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The influence of gestational age on social attention and language in the second year of life

Sperotto, Rebecca 2016. The influence of gestational age on social attention and language in the second year of life. PhD Thesis, Cardiff University.
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Abstract

Premature birth is common worldwide and does not show signs of decreasing. In rich countries, assisted reproductive techniques contribute to maintain the rate high. Infants born prematurely are more at risk for a series of complications that could affect their cognitive and emotional performances well into teenage years and adulthood. Research on premature delivery is complicated by a series of methodological difficulties and is still largely based on data collected decades ago, when medical procedures in the neonatal units were different. Moreover, the development of socio-cognitive abilities in infants born preterm, in particular concerning moderate to late prematurity, is still understudied. The Special Delivery study was set up to address these gaps in the literature,through a short-term longitudinal study. A multi-method approach provided tools to explore different cognitive and social abilities from birth up to 24 months of age. Infants born at extremely low gestational ages and with complicated medical situations were excluded, in order to better explore the influence of prematurity alone. This thesis focuses on social attention and language between 13 and 24 months. Infants born preterm showed a delay in language abilities at 18 and 24 months and gestational age correlated positively with both receptive and expressive vocabulary size at both ages. Also some social attention behaviours were affected by prematurity. In particular, responding to joint attention and initiating behavioural request had lower scores in the preterm born sample, while initiating joint attention had no relation with the participants� birth status. With regard to the relation between social attention and language, the effect of gestational age on receptive vocabulary at 24 months was completely mediated by responding to joint attention skills at 13 months. It was concluded that prematurity in a healthy sample affects mainly responding to joint attention, which in return has a negative impact on subsequent language development.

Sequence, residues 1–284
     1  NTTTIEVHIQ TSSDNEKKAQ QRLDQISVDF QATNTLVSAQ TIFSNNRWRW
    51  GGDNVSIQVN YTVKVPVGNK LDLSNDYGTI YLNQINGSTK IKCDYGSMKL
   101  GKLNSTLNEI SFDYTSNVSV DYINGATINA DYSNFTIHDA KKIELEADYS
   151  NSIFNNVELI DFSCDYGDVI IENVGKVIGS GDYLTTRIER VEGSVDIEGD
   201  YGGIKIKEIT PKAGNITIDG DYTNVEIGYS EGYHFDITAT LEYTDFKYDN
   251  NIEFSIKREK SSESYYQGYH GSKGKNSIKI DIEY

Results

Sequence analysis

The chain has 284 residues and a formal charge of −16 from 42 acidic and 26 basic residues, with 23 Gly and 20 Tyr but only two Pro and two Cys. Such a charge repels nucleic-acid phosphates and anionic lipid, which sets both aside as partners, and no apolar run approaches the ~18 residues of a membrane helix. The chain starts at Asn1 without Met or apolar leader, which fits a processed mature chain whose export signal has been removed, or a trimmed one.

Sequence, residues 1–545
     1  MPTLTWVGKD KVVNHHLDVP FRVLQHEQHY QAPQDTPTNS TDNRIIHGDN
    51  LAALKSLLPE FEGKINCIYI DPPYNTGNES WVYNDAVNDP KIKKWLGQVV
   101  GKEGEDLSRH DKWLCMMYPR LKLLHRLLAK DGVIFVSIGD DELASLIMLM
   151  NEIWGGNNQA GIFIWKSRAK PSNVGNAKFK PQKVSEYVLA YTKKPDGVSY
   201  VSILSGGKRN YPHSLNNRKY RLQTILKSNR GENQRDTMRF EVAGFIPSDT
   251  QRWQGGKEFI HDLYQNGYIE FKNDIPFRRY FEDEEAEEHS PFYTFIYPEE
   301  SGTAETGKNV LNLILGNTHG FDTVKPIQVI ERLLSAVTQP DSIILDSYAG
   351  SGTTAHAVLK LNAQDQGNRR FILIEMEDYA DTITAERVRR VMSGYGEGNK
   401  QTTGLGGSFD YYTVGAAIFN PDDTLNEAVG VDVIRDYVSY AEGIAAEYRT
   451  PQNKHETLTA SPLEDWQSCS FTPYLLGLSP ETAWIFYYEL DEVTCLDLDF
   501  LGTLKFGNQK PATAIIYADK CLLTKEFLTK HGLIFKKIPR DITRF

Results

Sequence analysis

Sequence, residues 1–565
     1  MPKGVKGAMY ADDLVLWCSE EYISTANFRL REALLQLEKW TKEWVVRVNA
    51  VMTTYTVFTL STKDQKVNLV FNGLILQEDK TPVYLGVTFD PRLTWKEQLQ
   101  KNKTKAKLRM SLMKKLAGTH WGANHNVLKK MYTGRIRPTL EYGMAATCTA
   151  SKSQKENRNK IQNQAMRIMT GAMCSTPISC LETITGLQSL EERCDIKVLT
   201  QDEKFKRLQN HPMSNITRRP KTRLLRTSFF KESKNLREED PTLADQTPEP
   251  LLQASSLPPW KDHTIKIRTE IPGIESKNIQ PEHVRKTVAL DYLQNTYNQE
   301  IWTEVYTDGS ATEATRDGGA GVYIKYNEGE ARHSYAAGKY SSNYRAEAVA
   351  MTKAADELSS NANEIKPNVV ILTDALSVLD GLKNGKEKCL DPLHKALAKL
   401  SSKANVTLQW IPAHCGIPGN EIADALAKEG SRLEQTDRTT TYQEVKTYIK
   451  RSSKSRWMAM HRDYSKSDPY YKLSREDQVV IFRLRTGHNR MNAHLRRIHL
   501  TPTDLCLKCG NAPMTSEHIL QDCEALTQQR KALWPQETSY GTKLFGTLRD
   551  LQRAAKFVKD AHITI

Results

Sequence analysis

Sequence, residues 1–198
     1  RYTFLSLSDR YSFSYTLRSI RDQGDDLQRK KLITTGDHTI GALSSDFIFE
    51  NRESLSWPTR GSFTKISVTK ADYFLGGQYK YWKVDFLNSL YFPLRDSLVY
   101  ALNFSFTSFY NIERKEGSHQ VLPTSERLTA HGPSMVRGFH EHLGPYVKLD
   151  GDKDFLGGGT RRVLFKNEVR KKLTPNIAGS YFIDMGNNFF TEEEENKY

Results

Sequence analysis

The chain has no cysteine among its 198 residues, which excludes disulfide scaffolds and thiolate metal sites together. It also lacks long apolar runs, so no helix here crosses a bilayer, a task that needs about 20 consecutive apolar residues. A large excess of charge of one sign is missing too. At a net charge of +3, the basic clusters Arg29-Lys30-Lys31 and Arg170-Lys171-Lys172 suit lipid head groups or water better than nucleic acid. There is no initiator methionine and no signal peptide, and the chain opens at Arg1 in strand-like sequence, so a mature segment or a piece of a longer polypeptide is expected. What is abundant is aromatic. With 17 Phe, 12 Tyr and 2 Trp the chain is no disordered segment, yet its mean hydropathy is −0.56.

Item Type: Thesis (PhD)
Date Type: Publication
Status: Unpublished
Schools: Psychology
Subjects: B Philosophy. Psychology. Religion > BF Psychology
Funders: Waterloo Foundation, School of Psychology
Date of First Compliant Deposit: 22 November 2016
Date of Acceptance: 21 November 2016
Last Modified: 04 Jun 2017 09:31
URI: http://orca-mwe.cf.ac.uk/id/eprint/96300

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